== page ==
Starting at the Bottom in Geography: Inside Earth

It would be great if you could go deep into the Earth and see what's going on, but that's impossible — despite what Jules Verne wrote. The average distance from Earth's surface to the center is 3,960 miles, and no human has ever come close. Several books and movies have portrayed such fanciful feats, but the truth is that people have barely penetrated the crust. Miners in South Africa have gone down about two miles; and if that's not the record, then the real one can't be much farther. So instead of going on a fantastic journey, you must settle for a diagram (as shown in Figure 1) based on informed speculation. Looking at it may cause you to wonder, "Well, if nobody's ever been down there, then how do you know what it looks like?" Great question! Here's the quick answer.


Figure 1: A cut-away view of the Earth.

Our understanding of Earth's interior rests on a combination of inference, analysis of alien objects, sound waves, and rocks and minerals. Alien objects are not UFOs, but rather meteorites and such that have fallen to Earth. These uniformly reveal a high percentage of iron. Because these alien objects are the result of the same process of planetary formation that produced Earth, the assumption is that the proportion of iron in these objects is probably about the same for planet Earth. That suggests an incredible amount of iron beneath your feet.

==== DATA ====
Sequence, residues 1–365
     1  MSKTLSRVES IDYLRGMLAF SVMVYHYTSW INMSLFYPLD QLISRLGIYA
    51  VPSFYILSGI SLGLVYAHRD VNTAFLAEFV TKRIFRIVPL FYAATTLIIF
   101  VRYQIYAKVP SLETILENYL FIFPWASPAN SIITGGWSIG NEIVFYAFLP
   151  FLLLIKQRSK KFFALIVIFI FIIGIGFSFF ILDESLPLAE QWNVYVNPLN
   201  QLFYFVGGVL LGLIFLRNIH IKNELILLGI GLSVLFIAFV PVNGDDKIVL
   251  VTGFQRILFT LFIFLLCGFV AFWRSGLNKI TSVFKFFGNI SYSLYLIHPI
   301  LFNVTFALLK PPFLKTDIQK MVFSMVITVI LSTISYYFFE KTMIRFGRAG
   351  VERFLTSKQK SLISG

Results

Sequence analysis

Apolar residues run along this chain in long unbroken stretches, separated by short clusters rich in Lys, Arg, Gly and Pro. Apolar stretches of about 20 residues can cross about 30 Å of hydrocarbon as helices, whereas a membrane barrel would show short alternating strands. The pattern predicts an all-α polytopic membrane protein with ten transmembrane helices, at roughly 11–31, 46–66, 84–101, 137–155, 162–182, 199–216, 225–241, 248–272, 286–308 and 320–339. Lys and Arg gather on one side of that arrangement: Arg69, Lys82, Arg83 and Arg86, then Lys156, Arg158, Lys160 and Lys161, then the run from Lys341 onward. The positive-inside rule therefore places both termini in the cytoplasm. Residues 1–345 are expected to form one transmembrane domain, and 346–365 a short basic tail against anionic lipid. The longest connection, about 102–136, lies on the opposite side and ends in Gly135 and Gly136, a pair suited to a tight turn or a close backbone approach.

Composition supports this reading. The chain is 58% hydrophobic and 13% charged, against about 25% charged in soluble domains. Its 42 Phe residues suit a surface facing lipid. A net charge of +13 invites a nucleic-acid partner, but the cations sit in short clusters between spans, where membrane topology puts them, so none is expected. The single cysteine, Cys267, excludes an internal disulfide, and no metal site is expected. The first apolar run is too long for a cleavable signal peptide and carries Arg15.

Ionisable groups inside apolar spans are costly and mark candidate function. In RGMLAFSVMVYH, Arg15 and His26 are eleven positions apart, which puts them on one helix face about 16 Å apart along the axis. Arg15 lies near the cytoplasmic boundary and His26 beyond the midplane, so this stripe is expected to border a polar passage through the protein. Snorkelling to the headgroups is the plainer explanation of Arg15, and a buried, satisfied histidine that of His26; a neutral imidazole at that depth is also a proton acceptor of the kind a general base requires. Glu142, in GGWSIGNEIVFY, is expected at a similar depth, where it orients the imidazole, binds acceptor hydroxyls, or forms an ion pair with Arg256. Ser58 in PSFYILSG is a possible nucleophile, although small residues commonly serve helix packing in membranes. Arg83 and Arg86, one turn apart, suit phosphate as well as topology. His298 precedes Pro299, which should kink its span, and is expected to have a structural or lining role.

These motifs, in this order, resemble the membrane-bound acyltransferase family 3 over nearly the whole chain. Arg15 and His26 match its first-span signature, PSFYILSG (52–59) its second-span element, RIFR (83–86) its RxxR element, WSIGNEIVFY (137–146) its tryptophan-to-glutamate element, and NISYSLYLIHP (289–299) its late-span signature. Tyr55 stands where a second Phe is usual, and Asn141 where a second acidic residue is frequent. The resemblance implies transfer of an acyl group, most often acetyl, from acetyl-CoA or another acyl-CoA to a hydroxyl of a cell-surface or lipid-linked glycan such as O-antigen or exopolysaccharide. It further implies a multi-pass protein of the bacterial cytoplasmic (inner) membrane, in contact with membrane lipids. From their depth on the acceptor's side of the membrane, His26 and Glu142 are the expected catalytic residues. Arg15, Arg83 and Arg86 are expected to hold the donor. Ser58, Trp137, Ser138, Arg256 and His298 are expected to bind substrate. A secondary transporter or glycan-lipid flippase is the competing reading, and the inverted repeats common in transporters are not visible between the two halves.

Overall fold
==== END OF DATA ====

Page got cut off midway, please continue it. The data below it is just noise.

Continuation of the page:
Earthquakes produce sound waves. Over the past several decades, seismologists (people who study earthquakes) have placed within the crust hundreds of "listening devices" that record and analyze sound waves made by earthquakes. Some of these waves, it turns out, have peculiar characteristics: They cannot penetrate liquids, or liquids deflect them, or they travel at different speeds through liquids and through solids with different characteristics. Analysis of the tracks and characteristics of literally hundreds of such waves, plus the previous inference concerning iron, provide much of the input for Figure 1. Also, geologists have studied lots of rocks and minerals that have been thrust up through the Earth's crust. Analysis of these materials reveals a relative scarcity of iron, which suggests this substance must be concentrated deep within the Earth.

The composition and temperature of Earth's interior are the reasons nobody has ever gone there and probably never will. Most of that realm is molten or almost molten. Thankfully, not only is it out of sight and out of mind, but also out of touch. Were it not for the insulating crust, life as we know it simply would not exist.

Directly beneath the lithosphere lies the asthenosphere. Measured in the thousands of degrees Fahrenheit, its rock assumes a plastic, almost molten quality. Directly beneath the asthenosphere is a vast volume of somewhat stronger rock, and below that liquid iron of the outer core and solid iron of the inner core that is hotter still (as shown in Figure 1).

Altogether, that vast volume of incredibly hot stuff is a powerful source of pressure — tectonic force. Indeed, it is mighty enough to create and rearrange continents, and in the process build mountains and cause earthquakes and volcano eruptions to occur. This knowledge has been available for only a couple of decades. But the idea of a force powerful enough to move continents has been around for centuries.

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